I agree with this assessment, but not the conclusion. The flower – which is a nylon fabric, was chosen specifically because it’s one of a few things that cause moire for me. In these rare instances, you have the flexibility to judiciously blur if desired – in a local fashion. It takes almost nothing to make it go away. On the other hand, the A77 forces you to blur the whole image, every time.

      So you are kind of left with the choice of camera A that provides a better image at any ISO 400 and above, and in 95% of images below (that requires a little moire fix here and there) OR a camera that will rarely if ever give you moire, but underperforms most of the time. (Assuming you are only looking at 100% crops / image quality)

      • john
        May 12, 2014 at 11:05 am #

        Yes, it’s just a matter of personal preference. However, in my experience moire appears a lot more often than people pretend. The thing that I hate about moire is that no two instances of moire are the same. You always have to find an optimal balance between blurring and maintaining sharpness, use some local adjustment tool etc. And that’s very time consuming compared to fixing other optical defects like distortion or vignetting… or bumping up the sharpness slider.

        As a suggestion, what about a comparison between the images after more elaborate processing? In my experience less sharp images leave a little more headroom for sharpening than an image that’s already sharp, similar to how tones in a low contrast images can sometimes be easier to work with.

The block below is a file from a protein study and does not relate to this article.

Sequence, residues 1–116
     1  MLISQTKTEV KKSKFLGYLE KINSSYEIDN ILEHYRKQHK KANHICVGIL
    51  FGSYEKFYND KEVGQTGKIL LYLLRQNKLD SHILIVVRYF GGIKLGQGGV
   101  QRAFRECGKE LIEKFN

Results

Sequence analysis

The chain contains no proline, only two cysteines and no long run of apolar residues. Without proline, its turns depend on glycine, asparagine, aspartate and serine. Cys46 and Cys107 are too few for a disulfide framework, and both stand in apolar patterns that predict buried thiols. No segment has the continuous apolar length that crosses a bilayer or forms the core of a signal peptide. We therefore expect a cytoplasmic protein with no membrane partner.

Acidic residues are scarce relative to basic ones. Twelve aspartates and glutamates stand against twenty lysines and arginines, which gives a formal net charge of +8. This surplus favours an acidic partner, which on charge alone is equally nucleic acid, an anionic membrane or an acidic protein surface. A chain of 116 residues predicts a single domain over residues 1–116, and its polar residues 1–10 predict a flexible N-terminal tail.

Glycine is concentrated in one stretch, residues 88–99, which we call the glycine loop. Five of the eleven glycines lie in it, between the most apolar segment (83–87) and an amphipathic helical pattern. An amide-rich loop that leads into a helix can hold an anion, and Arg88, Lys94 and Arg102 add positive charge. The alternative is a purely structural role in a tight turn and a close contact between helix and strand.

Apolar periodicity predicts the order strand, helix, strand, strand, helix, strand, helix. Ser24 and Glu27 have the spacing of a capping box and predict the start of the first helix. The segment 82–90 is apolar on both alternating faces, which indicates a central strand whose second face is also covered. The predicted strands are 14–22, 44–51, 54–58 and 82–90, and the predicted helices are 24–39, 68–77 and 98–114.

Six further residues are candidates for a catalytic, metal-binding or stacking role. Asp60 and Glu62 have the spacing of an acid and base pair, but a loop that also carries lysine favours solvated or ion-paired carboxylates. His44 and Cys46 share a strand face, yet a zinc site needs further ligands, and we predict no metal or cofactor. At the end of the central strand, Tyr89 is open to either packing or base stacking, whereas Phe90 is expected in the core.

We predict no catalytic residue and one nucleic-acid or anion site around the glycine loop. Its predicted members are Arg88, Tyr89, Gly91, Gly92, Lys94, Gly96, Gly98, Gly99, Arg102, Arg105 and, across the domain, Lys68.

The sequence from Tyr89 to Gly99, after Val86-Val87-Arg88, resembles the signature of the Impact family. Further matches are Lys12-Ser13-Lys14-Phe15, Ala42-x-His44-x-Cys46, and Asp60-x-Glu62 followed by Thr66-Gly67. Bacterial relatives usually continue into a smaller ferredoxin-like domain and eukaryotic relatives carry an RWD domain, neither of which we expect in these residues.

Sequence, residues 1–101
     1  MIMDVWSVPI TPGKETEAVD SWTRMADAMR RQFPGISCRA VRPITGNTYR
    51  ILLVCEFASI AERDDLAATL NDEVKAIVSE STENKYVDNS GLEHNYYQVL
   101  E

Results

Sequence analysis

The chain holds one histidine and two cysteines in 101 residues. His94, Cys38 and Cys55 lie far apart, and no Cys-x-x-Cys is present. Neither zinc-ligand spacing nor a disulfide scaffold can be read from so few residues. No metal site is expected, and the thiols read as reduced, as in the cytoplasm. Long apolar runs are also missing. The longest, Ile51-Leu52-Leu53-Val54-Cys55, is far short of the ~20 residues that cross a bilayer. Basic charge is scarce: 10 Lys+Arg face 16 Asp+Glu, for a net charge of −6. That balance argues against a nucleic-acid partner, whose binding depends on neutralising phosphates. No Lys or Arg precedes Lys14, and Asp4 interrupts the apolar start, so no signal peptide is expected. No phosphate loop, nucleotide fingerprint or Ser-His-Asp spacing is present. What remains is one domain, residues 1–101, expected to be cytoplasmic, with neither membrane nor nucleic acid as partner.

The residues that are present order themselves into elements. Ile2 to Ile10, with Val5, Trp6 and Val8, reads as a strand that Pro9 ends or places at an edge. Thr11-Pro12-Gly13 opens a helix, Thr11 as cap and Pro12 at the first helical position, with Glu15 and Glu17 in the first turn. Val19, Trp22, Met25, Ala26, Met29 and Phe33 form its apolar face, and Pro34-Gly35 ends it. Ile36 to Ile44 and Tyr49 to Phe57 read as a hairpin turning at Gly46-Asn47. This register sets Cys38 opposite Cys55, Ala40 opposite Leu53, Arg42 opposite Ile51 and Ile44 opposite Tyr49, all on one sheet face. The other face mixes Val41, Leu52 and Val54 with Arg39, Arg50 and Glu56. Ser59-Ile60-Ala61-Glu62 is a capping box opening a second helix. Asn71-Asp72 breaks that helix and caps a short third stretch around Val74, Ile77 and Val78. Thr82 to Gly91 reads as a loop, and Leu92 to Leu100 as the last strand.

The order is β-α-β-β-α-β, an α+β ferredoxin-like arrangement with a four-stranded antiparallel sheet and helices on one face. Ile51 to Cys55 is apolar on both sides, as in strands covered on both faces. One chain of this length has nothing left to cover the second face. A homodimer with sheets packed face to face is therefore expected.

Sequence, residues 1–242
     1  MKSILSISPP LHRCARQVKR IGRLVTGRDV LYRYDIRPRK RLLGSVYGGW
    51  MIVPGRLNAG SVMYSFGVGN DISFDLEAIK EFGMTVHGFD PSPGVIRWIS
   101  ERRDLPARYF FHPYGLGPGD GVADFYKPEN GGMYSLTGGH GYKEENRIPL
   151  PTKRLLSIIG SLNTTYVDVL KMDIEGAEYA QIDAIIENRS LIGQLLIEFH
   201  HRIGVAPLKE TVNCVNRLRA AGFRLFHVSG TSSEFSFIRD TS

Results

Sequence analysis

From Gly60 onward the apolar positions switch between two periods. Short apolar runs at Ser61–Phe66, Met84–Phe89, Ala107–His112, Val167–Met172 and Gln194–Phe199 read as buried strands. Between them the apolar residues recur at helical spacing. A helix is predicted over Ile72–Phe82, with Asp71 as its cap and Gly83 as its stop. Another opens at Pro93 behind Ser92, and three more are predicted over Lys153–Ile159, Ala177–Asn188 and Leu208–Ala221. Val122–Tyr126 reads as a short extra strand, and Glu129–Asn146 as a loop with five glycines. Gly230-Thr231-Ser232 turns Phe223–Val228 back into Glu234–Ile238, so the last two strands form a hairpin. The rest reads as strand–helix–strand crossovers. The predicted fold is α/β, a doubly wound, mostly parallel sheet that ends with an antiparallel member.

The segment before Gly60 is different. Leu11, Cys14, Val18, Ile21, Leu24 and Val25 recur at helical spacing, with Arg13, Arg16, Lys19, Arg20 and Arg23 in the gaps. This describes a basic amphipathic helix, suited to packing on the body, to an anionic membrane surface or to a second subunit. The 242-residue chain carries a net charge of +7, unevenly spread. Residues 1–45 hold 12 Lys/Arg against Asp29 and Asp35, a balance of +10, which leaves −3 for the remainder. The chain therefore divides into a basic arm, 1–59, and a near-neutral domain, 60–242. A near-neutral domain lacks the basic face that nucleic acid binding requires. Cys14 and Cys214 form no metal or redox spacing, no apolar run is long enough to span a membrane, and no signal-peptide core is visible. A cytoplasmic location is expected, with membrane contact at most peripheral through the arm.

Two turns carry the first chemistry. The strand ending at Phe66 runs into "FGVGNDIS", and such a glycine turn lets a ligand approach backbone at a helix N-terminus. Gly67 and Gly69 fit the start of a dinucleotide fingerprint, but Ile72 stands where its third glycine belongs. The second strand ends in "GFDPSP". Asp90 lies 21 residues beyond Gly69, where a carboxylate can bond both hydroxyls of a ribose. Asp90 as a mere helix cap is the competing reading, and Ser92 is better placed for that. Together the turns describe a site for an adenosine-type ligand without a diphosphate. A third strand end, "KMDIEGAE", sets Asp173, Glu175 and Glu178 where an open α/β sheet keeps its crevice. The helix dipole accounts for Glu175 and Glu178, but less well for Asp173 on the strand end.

• Leica BOSS
          May 12, 2014 at 3:41 pm #

          I can take a look at a comparison like this. Sharpening is so specific to the output medium and sensor, that the results will be quite subtle. My experience is “detail lost is detail lost” – and I’ll start with the more crisp RAW image every time, given the choice. To me, the A77 files are not as easy to work with after base ISO as the A7r files are. Unsharp images that are coaxed to appear sharp always look different than sharp images that were always sharp to start with. But it’s all really just pixel peeping and engineering at that point.

          • john
            May 13, 2014 at 6:56 am #

            Yes, detail lost is detail lost, there is no way around that. However, I found that having fake sharpness can still be reasonably close to the real thing. For instance, something very simple as a radial gradient sharpening filter in LR can improve the impression of uniformity with wide lenses quite well without introducing noticeable artifacts in the center (for me).

          • Leica BOSS